Marie-Therese Guyon Cadillac

From Wikipedia, the free encyclopedia
Jump to navigation Jump to search

Marie-Therese Guyon Cadillac (1671–1746) was an American pioneer. She is known as "The First Lady of Detroit."

Biography[edit]

Cadillac was born in Beauport, Quebec City, to her parents Elizabeth Boucher and Denis Guyon, the later a merchant and farmer. Both of her parents died before she turned twenty. It is not known who subsequently took care of her, but it is thought that her two brothers and her uncle may have played a role. On March 8, 1683, she was sent to the Ursuline Monastery of Quebec, where she would remain until April 4, 1684, before returning home in 1685.[1][2]

At the age of seventeen, on June 25, 1687, Cadillac married Antoine de la Mothe Cadillac, a French military leader who helped to found the first settlement that would later become the city of Detroit.[2][3][4] The couple lived together in Nova Scotia for several years.[2]

In 1702, she and a female travel companion became the first white women to travel and reach Fort Pontchartrain De Troit, where Cadillac joined her husband who had arrived a year earlier.[2] While at the fort she engaged in many aspects of managing it, including signing contracts and hiring explorers. She served as the colony's doctor, and when her husband was away played an even larger role in the colony.[5][6] In 1711, Cadillac moved to Mobile, then the capital of Louisiana, after her husband was given a promotion.[4] Cadillac eventually returned to France, where she lived until her death in 1740.[5][6]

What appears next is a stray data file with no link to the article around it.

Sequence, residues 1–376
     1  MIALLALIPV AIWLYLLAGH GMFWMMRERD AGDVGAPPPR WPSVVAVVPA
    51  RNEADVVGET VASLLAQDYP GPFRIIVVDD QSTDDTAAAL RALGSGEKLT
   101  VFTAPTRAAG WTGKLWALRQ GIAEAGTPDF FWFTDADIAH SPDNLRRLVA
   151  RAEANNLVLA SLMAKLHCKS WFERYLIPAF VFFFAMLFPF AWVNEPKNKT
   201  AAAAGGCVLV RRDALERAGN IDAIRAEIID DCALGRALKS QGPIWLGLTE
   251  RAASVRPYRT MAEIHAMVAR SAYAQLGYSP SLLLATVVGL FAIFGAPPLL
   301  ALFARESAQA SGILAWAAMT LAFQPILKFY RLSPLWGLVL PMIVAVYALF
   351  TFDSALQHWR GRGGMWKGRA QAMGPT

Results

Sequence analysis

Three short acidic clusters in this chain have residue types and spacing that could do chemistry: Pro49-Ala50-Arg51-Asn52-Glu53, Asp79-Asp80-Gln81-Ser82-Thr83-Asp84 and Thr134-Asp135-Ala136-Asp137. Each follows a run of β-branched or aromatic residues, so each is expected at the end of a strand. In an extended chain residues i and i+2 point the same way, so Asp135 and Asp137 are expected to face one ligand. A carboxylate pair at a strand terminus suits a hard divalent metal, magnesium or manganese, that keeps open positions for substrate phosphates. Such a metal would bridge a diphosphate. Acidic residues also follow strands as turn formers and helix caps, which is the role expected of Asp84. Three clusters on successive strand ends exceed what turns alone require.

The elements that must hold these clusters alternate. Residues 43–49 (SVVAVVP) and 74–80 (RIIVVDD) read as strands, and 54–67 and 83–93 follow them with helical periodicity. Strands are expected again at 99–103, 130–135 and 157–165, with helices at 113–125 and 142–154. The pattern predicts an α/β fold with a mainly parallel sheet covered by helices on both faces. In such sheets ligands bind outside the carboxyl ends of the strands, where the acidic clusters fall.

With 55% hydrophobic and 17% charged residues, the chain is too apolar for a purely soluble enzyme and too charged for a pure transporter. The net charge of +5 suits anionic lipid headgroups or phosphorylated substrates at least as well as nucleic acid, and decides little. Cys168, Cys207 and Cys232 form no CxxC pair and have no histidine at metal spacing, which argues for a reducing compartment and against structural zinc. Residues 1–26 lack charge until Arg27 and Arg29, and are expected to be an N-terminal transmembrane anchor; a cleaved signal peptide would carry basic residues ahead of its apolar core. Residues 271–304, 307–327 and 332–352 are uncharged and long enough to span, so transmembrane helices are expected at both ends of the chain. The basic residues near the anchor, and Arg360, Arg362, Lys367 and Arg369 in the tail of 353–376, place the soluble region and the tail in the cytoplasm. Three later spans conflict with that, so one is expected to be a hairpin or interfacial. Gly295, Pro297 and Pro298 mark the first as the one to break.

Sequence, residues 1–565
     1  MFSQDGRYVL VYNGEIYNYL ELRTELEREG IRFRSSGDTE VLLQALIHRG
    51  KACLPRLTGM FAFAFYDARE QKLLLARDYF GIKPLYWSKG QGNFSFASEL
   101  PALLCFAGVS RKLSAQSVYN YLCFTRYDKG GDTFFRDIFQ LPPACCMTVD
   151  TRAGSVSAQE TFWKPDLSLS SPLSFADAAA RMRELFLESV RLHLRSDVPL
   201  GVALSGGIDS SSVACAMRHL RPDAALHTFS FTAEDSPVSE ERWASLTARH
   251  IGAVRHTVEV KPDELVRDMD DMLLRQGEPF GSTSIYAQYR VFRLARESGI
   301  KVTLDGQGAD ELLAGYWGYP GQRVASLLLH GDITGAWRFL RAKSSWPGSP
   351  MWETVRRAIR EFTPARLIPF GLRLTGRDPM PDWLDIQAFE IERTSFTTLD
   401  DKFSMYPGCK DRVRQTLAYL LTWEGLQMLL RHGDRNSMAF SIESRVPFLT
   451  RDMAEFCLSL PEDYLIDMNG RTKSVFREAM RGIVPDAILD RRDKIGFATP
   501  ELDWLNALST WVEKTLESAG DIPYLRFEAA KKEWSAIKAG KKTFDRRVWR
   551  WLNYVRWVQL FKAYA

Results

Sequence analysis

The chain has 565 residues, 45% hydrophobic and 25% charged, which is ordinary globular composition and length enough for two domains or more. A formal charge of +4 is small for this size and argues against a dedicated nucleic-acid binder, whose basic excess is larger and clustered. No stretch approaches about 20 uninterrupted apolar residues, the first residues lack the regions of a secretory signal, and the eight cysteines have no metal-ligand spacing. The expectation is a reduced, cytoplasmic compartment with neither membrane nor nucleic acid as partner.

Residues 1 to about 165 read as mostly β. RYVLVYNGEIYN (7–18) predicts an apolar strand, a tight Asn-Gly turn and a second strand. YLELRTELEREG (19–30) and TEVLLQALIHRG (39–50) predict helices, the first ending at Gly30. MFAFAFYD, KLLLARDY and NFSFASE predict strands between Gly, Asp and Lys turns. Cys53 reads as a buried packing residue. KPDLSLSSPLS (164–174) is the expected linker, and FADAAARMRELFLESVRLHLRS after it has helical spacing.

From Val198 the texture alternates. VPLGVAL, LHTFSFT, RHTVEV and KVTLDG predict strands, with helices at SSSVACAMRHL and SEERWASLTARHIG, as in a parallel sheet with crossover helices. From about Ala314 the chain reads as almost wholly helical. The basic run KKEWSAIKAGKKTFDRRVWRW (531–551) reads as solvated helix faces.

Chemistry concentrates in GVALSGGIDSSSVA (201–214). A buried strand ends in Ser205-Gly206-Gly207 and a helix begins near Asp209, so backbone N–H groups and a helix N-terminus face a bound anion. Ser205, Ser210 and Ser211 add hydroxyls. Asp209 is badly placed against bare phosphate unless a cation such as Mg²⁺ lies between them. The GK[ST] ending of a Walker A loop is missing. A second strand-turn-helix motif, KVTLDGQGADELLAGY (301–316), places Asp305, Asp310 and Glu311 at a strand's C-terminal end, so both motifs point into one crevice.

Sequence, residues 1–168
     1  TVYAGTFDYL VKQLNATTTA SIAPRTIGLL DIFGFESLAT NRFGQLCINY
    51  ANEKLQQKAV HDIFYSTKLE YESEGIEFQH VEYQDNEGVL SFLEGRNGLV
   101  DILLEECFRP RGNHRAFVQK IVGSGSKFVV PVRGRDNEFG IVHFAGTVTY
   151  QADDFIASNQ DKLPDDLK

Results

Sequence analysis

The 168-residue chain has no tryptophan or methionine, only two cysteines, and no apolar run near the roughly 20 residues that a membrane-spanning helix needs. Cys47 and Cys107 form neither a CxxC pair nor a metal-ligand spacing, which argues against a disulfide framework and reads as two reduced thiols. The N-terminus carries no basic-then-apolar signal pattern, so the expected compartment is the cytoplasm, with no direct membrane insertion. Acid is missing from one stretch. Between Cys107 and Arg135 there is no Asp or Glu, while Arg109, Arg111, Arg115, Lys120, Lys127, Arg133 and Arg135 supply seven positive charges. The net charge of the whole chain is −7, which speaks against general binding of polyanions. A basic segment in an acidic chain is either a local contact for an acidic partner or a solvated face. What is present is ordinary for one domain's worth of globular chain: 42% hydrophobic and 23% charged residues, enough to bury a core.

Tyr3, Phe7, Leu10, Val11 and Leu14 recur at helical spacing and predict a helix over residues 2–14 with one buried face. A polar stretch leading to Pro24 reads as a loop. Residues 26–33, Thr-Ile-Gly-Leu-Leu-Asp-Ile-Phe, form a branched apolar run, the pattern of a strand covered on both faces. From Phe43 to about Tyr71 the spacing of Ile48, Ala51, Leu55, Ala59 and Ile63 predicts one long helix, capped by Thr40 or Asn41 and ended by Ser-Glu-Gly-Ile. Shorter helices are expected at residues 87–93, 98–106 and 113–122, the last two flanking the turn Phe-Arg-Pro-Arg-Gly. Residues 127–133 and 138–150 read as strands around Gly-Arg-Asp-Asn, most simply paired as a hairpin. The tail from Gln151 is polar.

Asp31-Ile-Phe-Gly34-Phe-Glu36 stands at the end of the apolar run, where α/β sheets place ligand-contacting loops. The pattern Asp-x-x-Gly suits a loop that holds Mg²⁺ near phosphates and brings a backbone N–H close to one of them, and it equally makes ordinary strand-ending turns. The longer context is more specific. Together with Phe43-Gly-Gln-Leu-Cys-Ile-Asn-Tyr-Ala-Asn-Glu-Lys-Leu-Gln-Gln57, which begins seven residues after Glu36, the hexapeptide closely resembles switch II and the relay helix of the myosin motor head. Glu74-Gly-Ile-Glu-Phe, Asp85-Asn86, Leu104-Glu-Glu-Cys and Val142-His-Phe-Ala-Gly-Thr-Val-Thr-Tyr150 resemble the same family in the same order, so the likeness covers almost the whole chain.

Cadillac and her husband generated the bulk of their capital from the fur trade and rent from land grants.[4] Cadillac used her wealth to help build Le Ville du Détroit into a city she hoped would rival Montreal and New York.[4] She and her husband also started Detroit's first fine arts collection that was displayed in the town's church St. Anne. [4]

She had thirteen children.[4]

Cadillac was inducted into the Michigan Women's Hall of Fame in 1994.[4]

References[edit]

  1. ^ Bush, Karen Elizabeth (2001). First Lady of Detroit: The Story of Marie-Therese Guyon, MME Cadillac. Wayne State University Press. ISBN 0814329845.
  2. ^ a b c d "Cadillac, Madame Marie | Detroit Historical Society". detroithistorical.org. Retrieved 2017-11-14.
  3. ^ Lewis, Norma (2017-09-04). Wild Women of Michigan: A History of Spunk and Tenacity. Arcadia Publishing. ISBN 9781439662403.
  4. ^ a b c d e f g Bilek, Suzanne. Great female artists of Detroit. ISBN 9781609496715. OCLC 806018780.
  5. ^ a b "Marie-Therese Guyon Cadillac" (PDF). Michigan Women's Hall of Fame.
  6. ^ a b "People of Detroit | Marie Therese Guyon Cadillac". historydetroit.com. Retrieved 2017-11-14.